BY: KEITH BRADSHER | 06/24/2015 | Source: The New York Times
HONG KONG — American allies in Asia on Wednesday welcomed a United States Senate vote that appeared to clear the way for a final round of negotiations over a sweeping trans-Pacific trade pact and may have made it easier for governments to make politically risky concessions.
Japan’s minister responsible for trade negotiations, Akira Amari, said a congressional victory for President Obama could open the way for a deal as soon as next month.
“It’s possible we could have a ministerial-level meeting in July and conclude a broad agreement,” he told reporters. Any agreement would then require putting legislation in each country into effect, followed by approval there, which could take months.
China, which is not among the 12 nations negotiating the deal and had proposed a competing agreement, refrained from crFor Mr. Obama, the deal, which appeared headed toward passage on Wednesday, represents an important element of the so-called pivot to Asia to help maintain United States influence as countries grow increasingly dependent on trade with China. For American allies, it offers the political cover to commit to trade concessions, removing the risk that Congress might reject the negotiated deal.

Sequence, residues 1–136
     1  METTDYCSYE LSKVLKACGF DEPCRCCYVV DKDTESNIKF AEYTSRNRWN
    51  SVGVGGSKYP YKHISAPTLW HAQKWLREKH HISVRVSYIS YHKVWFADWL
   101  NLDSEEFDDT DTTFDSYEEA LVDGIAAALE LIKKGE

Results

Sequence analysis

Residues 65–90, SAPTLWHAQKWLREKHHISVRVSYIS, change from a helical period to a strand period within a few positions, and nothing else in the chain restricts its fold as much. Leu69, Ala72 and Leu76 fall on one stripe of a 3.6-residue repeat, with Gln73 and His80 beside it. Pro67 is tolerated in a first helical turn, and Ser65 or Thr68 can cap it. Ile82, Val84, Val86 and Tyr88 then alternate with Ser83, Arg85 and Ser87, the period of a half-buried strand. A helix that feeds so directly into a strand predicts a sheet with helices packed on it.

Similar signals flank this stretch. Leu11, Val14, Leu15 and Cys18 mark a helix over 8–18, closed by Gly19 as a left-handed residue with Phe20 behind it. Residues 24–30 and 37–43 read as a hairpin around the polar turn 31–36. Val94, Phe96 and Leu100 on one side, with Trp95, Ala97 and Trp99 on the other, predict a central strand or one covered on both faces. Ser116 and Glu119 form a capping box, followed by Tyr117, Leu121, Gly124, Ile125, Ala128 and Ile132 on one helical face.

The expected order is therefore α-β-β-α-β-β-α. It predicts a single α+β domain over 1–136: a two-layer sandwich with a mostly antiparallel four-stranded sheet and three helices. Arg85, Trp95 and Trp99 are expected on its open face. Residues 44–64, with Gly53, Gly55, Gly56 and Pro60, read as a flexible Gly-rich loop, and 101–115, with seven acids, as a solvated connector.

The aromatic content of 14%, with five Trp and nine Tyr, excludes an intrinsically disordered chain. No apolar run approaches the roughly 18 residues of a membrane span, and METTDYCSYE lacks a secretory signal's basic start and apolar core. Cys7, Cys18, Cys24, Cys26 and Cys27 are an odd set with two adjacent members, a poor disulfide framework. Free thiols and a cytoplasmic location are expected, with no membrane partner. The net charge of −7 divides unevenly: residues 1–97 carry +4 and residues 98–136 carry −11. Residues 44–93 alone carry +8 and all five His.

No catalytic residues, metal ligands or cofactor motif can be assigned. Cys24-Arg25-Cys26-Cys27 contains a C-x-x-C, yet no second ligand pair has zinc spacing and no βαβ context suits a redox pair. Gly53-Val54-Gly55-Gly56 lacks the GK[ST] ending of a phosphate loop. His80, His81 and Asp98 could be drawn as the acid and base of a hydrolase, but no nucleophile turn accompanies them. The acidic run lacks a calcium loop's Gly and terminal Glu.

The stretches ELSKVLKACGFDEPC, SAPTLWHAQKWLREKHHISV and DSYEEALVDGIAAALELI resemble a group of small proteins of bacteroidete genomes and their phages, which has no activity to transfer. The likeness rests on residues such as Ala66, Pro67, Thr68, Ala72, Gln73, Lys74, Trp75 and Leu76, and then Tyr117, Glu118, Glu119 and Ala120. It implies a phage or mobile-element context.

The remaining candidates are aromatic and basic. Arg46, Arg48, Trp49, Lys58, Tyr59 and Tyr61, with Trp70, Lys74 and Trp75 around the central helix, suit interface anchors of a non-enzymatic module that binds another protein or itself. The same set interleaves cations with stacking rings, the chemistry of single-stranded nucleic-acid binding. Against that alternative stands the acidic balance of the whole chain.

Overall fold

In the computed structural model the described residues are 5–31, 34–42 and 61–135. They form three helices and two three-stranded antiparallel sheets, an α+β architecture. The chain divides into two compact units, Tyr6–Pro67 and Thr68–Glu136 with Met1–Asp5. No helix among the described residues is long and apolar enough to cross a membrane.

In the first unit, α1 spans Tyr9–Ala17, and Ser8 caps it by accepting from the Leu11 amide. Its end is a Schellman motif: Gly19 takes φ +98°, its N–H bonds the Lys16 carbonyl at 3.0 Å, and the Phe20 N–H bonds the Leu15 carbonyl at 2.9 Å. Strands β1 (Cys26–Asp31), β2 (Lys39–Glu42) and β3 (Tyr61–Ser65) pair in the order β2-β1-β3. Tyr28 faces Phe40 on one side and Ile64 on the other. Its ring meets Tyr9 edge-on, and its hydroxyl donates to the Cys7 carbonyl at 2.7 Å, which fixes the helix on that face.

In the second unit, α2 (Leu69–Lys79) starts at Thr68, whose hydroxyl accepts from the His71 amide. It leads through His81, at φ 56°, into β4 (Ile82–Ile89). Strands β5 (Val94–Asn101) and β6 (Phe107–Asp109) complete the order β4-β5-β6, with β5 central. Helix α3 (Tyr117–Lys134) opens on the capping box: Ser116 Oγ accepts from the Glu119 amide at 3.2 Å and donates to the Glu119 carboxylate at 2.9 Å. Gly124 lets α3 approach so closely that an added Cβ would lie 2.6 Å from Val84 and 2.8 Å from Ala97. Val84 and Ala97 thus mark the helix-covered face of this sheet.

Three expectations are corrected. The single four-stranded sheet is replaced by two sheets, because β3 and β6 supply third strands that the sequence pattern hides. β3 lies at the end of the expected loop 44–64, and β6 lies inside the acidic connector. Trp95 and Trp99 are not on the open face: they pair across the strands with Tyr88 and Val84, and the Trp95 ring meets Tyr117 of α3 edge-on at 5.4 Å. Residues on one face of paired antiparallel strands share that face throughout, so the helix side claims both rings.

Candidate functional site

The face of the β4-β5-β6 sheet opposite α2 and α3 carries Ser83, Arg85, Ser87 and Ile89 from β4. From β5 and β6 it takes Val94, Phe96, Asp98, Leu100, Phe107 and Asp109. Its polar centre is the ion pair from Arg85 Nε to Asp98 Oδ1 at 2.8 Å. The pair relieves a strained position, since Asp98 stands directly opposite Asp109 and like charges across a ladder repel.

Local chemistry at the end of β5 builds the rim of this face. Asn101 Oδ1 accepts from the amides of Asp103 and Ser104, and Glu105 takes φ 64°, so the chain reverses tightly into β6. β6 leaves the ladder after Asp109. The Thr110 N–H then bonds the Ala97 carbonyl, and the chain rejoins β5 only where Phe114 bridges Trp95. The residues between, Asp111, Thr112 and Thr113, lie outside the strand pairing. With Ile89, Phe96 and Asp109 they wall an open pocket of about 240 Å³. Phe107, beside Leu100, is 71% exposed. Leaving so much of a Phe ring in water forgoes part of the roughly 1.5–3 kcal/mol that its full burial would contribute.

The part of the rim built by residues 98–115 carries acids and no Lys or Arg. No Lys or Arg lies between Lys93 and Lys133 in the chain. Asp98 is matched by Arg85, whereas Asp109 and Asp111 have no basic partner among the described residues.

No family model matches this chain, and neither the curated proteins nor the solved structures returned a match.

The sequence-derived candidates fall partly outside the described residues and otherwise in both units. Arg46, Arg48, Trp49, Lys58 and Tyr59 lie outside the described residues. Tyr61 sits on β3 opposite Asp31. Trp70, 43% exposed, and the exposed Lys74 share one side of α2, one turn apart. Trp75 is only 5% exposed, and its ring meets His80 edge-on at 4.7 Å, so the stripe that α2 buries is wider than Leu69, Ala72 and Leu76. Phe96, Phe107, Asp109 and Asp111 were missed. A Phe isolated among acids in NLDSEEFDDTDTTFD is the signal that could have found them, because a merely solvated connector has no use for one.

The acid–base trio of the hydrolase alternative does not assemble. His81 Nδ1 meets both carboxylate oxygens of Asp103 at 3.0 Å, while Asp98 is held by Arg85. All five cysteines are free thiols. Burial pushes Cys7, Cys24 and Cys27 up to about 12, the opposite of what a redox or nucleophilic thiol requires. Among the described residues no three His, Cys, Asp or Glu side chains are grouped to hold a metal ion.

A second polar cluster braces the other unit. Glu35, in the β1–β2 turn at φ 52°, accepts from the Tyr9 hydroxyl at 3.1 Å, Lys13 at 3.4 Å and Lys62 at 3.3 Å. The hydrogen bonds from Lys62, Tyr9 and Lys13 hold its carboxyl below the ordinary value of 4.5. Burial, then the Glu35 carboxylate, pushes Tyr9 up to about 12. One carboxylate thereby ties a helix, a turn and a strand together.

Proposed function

China was initially wary of the trade measure, the Trans-Pacific Partnership, seeing it several years ago as potentially giving an advantage to American allies’ business over Chinese companies in United States markets. But those objections have faded as China has begun energetically pursuing its own regional trade agreements with East Asian neighbors.
“Even if T.P.P. is done, I don’t think it will pose any threat to China — we follow our own efforts,” said He Weiwen, a former Chinese commerce ministry official who is now a director of the influential China-United States-European Union Study Center at the China Association of International Trade in Beijing.
The Senate voted on Tuesday to end debate on legislation that would give Mr. Obama and his successor the authority for the next six years to negotiate trade agreements and submit them to Congress with no amendments or filibusters allowed.
Ending debate required 60 votes, which the Senate’s Republican leadership barely mustered with limited support from Democrats. Passage of the actual legislation requires only 51 votes and would send the bill to the president, as the House of Representatives has already approved it.
Like previous presidents, who have had similar trade negotiating authority, Mr. Obama contended that the authorization was necessary so other countries would make all available concessions in talks with American trade negotiators, instead of reserving some in case Congress rewrote a deal.
But American labor unions, environmental activists and other critics bitterly opposed passage of the negotiating authority, contending that it undermined the ability of Congress to stop administration negotiators from working with large corporations to craft deals that might not be advantageous to workers or the environment.
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